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Baptism and resurrection

[Note: In the early church baptism was commonly celebrated at Easter, and it is good it observe the tradition in the church today when circumstances permit. This sermon was originally preached on such an occasion, and the opportunity was taken to teach more thoroughly the church's understanding of what we were doing by making the link of a new beginning in the faith community with the Resurrection of Christ. It is being made available for similar teaching purposes. For an alternative sermon on the gospel for today see The faithful doubter which was prepared for Easter 2 in Year B when the gospel reading is the same.]

Baptism is a new beginning like resurrection to begin a new life after death. When people are baptised they begin a new life as members of the community of faith, the body of Christ. They are joined with Christ who was raised from the dead, and the new life they begin is a life which shares in his victory over sin and death:

This comes about as a result of his sacrificial death in which we are united with him through baptism.

So an old life is left behind and a new life is begun. Whether we are baptised as adults on confession of faith or as infants within the household of faith, we share in the new life which Christ began through his death and resurrection. The only times in the gospels when Jesus is recorded as speaking of his own baptism is when he refers to his coming death and resurrection [Luke 12:50 and compare Mark 10:38]

In Romans 6 Paul takes up this theme: the person being baptised is joined with Christ, dying and rising with him [compare 1 Corinthians 1:13], and thus benefiting from the general baptism he has undergone on behalf of others in his atoning death. The old life of sin is washed away and new life in the Spirit begins.

[Jesus himself linked the gift of the Spirit with both baptism (John 3:5 'water and Spirit') and the forgiveness of sins (John 20:22-23 in the gospel for today).

His resurrection is a new beginning [Acts 13:33 (see Psalm 2:7)].

The change was so profound when our ancestors were converted that they took new names, Christian names, when they were baptised, because they were really new people. Baptism was called Christening because through it people were made Christians, that is they were changed in their character and allegiance. Their new names were a sign of that profound change. They were changed by belonging to Christ, and the blessings they received were God's gifts to them.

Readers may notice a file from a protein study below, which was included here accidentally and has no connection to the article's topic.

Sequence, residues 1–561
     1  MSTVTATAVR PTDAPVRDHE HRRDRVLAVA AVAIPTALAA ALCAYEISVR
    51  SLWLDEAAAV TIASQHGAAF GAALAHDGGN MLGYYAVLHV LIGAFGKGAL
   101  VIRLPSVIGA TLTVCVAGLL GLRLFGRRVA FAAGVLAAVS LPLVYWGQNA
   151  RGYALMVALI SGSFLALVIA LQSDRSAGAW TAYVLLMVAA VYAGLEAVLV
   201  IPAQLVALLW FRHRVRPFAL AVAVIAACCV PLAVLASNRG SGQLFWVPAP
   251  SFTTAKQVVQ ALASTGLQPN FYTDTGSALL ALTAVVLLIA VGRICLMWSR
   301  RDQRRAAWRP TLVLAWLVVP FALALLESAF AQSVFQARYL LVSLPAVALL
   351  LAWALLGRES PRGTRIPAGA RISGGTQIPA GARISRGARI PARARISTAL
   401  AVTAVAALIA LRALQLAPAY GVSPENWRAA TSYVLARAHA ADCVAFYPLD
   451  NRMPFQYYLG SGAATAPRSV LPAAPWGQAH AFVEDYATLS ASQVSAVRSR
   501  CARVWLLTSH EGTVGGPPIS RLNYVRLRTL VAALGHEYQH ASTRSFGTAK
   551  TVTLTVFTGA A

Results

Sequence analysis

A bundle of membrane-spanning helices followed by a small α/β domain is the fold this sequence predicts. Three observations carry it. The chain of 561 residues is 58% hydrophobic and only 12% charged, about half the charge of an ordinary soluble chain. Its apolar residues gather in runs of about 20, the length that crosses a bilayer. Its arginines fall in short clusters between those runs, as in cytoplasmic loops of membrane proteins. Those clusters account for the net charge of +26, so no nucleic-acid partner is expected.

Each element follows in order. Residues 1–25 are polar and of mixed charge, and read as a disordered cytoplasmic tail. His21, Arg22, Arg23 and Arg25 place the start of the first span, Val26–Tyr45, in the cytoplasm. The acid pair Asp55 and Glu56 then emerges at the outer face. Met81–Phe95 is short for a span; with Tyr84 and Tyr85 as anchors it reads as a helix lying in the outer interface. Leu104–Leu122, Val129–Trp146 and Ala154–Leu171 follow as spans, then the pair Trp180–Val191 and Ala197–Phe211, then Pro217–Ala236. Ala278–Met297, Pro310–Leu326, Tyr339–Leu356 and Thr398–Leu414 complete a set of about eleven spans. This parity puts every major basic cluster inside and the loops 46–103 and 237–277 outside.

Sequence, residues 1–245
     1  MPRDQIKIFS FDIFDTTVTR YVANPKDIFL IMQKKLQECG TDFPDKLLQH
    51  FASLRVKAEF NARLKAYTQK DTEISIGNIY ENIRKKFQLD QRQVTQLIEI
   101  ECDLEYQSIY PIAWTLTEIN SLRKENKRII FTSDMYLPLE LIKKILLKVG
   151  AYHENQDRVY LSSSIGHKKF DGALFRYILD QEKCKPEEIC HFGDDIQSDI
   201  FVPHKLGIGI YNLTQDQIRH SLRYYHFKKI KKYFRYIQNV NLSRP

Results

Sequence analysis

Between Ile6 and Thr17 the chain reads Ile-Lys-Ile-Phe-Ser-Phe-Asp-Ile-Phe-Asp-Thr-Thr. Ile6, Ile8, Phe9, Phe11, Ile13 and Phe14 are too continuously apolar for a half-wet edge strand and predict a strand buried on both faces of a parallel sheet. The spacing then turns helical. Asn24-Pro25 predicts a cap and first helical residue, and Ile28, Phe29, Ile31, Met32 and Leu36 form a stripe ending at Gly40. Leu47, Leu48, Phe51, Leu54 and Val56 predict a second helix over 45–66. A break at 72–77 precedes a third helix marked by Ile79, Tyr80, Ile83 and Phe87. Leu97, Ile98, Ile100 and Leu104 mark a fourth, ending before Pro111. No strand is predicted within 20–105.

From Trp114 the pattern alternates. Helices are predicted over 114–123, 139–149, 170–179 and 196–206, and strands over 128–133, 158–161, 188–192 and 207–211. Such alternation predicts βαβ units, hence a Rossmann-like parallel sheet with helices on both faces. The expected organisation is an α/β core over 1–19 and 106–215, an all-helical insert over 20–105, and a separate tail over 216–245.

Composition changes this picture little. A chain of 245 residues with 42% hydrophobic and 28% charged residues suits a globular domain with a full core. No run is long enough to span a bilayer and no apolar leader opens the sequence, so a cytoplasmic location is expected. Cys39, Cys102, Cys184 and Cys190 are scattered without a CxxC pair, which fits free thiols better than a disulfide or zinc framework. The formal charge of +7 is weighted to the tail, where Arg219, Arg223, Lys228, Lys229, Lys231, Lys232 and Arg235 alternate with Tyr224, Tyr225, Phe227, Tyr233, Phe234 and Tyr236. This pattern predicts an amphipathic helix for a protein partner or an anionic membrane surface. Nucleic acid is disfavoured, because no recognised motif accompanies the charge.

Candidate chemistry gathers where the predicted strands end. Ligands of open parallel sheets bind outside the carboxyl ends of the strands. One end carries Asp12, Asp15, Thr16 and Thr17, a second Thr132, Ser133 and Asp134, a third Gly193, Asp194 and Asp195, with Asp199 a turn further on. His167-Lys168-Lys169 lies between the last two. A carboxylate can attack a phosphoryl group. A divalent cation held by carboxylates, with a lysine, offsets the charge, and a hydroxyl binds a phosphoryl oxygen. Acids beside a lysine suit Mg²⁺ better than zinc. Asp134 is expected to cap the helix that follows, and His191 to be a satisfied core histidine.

The basis of our present day practice of baptism

It is for this reason that we say baptism is a means of grace, of blessing through the freely given love of God: the new life we receive is does not come from something that we do or we achieve for ourselves, but it is a graciously given unearned free gift of God. Just as Christ died for us without our knowing or caring about it and just as God raised him up without our knowing or deserving any benefit, so we are blessed by being united with Christ in baptism. That is why we said to the child in the baptism service of the Uniting Church:

Although we may administer baptism in quite different circumstances today, compared with what was done in biblical times or when our ancestors were converted from pagan religions or the conditions in the mission fields in the last century or this, its meaning remains the same as it was when Paul wrote to the Romans. It is essentially about a new beginning in life with Christ which is made possible through his death and resurrection. So we say in the service:

Baptism is the sign of new life in Christ Jesus. By water and the Holy Spirit we are brought into union with Christ in his death and resurrection. In baptism we are sealed with the Holy Spirit, and made members of the body of Christ, and called to his ministry in the world.

We are confessing a belief that membership in the body of Christ is membership in the universal church, the holy catholic church. That is much more important than membership in the Uniting Church, or any particular branch of the universal church. That is why after the minister says

"... from this day on the sign of the cross is upon you"

the new member is presented to the congregation with the words

"Stephanie [or whoever] is now received into the holy catholic church according to Christ's command."